Working with the US Department of Veterans Affairs, Apple announced that the Health Records on iPhone feature will be available soon to veterans.
Veterans across the US will be able to see medical information from participating institutions — including the VA — organized into one view all in the Health app. VA patients will get a single, integrated snapshot of their health profile including information on allergies, conditions, immunizations, lab results, medications, procedures and vitals, and is displayed along with other information in the Health app like Apple Watch data.
"We have great admiration for veterans, and we're proud to bring a solution like Health Records on iPhone to the veteran community," said Apple CEO Tim Cook. "It's truly an honor to contribute to the improved healthcare of America's heroes."
Apple says that Health Records on iPhone will be the first record-sharing platform of its kind available to the VA. The VA is the largest medical system in the United States, providing service to more than 9 million veterans across 1,243 facilities.
Discussion that the feature was coming to veterans surfaced in November 2018.
Debuted with iOS 11.3 in March, Health Records aggregates and stores encrypted patient data in the iOS Health app, effectively making that information portable and immediately accessible to end users. With Health Records, users are able to quickly review medical records and other pertinent information with doctors and caregivers, bypassing backend hurdles that can bog down access to treatment.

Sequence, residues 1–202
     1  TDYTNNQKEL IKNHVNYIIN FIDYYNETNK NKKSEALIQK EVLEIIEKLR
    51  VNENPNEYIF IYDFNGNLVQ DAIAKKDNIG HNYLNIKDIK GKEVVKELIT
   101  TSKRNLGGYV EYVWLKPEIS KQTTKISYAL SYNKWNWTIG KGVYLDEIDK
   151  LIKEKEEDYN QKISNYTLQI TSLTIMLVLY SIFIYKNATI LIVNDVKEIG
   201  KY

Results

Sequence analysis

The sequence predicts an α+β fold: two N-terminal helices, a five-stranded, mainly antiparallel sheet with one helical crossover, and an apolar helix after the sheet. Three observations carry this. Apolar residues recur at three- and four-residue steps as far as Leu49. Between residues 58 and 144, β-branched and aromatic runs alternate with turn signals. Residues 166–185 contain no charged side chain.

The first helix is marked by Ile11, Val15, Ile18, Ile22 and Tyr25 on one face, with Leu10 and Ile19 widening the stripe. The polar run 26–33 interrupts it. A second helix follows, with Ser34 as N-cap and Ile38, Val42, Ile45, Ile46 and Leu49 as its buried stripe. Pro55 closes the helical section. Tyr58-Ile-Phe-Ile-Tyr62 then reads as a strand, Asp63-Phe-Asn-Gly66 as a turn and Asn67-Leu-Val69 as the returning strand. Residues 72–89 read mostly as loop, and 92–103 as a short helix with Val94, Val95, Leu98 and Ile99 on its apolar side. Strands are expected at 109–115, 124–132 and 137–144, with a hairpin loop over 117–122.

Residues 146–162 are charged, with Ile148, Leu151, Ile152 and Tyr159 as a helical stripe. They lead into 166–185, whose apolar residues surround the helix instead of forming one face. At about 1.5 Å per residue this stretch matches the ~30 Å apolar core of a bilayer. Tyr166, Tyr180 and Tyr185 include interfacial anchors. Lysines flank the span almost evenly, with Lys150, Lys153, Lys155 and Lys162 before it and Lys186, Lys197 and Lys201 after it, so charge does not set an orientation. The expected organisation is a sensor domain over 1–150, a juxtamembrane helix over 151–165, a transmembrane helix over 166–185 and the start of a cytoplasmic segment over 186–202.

Apple launched Health Records with support from 39 health groups, with another 36 backing the technology in August. While a handful of larger regional groups integrated with the portability program, major nationwide networks are still out of the loop.
AppleInsider will be testing the integration with the feature and the VA's systems as soon as possible. It isn't clear how long the deployment of the feature will take, as the VA presently relies on a combination of digital records, and paper records going back decades — with the records sometimes spanning multiple facilities and duty stations.